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This article in AJ

  1. Vol. 64 No. 4, p. 506-508
     
    Received: Nov 6, 1971
    Published: July, 1972


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doi:10.2134/agronj1972.00021962006400040029x

Influence of Nitrogen Source and Rate on Growth of Spring Grain and Soil pH1

  1. J. Alessi and
  2. J. F. Powers2

Abstract

Abstract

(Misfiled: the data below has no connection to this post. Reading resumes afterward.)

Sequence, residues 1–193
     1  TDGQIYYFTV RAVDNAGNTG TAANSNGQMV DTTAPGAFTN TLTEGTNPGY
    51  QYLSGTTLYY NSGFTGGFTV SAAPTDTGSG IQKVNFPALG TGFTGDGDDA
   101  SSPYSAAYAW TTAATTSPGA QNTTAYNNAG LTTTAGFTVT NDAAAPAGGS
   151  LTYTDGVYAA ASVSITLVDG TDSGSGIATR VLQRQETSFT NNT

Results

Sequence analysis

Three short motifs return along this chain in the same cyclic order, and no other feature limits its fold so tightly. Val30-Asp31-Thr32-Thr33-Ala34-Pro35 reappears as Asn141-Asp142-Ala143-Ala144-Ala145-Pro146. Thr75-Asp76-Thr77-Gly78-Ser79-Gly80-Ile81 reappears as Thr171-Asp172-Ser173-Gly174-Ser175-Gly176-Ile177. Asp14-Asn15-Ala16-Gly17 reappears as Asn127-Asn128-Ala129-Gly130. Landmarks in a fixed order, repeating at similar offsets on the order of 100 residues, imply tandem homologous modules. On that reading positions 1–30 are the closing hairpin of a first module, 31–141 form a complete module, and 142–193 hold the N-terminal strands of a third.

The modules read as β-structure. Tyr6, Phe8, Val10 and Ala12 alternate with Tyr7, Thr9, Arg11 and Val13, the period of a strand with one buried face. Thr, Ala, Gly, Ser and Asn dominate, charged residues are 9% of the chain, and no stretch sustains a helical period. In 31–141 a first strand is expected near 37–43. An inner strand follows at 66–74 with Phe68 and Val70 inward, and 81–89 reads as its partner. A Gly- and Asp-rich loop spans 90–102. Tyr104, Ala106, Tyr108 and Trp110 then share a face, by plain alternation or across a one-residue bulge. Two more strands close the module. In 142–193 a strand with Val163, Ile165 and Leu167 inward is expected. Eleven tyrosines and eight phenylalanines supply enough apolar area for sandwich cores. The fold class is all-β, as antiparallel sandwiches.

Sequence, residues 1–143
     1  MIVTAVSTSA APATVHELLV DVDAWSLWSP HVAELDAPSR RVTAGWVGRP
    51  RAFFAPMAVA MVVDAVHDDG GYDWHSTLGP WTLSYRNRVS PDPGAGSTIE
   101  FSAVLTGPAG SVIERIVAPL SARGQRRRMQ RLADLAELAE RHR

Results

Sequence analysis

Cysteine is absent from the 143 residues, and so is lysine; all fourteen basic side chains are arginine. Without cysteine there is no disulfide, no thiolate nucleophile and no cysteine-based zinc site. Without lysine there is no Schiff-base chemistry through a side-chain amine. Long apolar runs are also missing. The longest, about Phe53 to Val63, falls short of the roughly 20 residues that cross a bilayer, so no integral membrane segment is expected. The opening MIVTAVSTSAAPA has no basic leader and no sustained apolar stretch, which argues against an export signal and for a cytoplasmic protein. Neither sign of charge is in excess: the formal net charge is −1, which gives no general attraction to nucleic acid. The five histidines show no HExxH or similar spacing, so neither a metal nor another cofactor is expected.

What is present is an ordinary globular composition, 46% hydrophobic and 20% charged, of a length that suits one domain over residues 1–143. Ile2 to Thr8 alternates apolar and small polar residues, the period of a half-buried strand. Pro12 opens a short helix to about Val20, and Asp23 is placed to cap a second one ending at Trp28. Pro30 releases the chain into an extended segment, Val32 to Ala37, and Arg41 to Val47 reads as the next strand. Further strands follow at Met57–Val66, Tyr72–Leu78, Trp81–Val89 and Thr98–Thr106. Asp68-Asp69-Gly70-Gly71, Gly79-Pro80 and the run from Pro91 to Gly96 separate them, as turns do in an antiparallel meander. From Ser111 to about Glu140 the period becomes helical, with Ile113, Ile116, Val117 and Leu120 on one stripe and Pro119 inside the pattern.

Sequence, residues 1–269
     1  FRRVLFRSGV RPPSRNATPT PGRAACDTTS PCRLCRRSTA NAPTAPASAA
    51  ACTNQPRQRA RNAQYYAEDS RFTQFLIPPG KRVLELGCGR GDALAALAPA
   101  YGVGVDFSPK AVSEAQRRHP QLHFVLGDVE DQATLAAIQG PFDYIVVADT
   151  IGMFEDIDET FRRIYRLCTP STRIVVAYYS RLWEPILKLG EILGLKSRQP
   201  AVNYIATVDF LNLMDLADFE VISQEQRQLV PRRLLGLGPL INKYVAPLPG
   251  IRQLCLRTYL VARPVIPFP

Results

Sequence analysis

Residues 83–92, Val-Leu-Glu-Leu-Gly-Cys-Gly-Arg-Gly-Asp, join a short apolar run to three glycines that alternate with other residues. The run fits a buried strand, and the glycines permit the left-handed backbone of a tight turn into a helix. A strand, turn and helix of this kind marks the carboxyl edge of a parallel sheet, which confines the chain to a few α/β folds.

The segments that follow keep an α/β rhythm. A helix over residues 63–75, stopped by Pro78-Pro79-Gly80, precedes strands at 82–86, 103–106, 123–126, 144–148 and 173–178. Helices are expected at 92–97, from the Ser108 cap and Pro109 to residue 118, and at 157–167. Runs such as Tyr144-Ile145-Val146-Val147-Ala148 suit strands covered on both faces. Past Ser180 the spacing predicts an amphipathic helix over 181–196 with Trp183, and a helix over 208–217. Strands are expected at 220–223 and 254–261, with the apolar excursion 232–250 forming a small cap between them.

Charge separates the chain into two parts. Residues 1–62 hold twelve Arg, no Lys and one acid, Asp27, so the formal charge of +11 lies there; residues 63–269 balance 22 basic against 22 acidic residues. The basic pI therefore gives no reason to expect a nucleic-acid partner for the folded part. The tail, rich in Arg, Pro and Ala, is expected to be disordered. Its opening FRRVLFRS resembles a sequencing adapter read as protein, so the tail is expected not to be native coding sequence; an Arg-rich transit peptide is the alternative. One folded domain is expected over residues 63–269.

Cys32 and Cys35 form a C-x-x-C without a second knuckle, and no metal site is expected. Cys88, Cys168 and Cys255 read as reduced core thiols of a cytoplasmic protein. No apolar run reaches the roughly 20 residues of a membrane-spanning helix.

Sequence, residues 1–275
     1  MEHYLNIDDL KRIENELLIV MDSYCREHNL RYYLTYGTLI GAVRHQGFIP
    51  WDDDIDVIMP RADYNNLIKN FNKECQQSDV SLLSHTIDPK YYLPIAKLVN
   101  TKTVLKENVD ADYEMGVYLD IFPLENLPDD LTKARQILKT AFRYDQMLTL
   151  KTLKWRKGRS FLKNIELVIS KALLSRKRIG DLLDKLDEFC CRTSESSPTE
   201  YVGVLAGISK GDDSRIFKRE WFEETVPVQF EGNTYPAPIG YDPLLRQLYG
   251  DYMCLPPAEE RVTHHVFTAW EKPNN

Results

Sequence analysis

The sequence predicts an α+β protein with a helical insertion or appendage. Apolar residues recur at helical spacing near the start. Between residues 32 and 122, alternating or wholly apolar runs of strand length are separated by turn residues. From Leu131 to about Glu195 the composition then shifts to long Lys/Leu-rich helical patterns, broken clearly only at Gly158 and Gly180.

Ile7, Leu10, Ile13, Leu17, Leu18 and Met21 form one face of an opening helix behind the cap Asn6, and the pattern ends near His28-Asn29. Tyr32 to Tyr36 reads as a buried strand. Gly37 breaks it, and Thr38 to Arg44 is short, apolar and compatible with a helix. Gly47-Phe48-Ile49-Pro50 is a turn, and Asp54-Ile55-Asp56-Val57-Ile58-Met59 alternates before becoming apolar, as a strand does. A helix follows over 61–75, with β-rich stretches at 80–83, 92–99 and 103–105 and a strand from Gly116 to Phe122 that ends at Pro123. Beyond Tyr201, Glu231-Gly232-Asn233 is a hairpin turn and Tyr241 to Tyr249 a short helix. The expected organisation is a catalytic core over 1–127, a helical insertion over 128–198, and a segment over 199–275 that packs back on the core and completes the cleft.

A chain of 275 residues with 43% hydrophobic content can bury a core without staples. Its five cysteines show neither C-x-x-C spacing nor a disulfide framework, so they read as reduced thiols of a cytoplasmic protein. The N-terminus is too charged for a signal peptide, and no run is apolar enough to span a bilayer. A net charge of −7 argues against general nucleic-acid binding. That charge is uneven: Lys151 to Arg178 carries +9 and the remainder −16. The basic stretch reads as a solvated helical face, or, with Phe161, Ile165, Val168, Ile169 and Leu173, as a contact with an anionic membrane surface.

The effect of five N sources upon spring grain production was studied on Temvik silt loam for 4 years at Mandan, N. Dak., and residual responses were followed for 4 more years. The five sources—ammonium nitrate, ammonium sulfate, calcium nitrate, Uramite, and Nitroform (urea-formaldehyde)—were applied at rates of O, 34, and 68 kg N/ha to spring wheat (Triticum aestivum) or barley (Hordeum vulgare L.). Results suggest that neither the rates of fertilization studied nor the interaction of N carrier × N rate were important in the production of total plant dry weight or grain yield. Small grain production was significantly altered by N source in only one of the fertilization years. Cumulative grain yields for 1960-1963 were significantly increased by fertilization with nitrate and ammonium sources. Grain yields for the 8-year period were significantly higher for ammonium and nitrate sources than for urea-formaldehyde sources. Residual effects from urea-formaldehyde fertilization were less effective for grain production than residual effects from nitrate and ammonium N carriers. Although ammonium sulphate lowered pH during the fertilization period, grain development was not seriously affected by this acidification. Cumulative grain production for the 8 years was 10,000 kg/ha with no N, 12,470 kg/ha with nitrate ammonium carriers, and 11,530 kg/ha with urea-formaldehyde sources.

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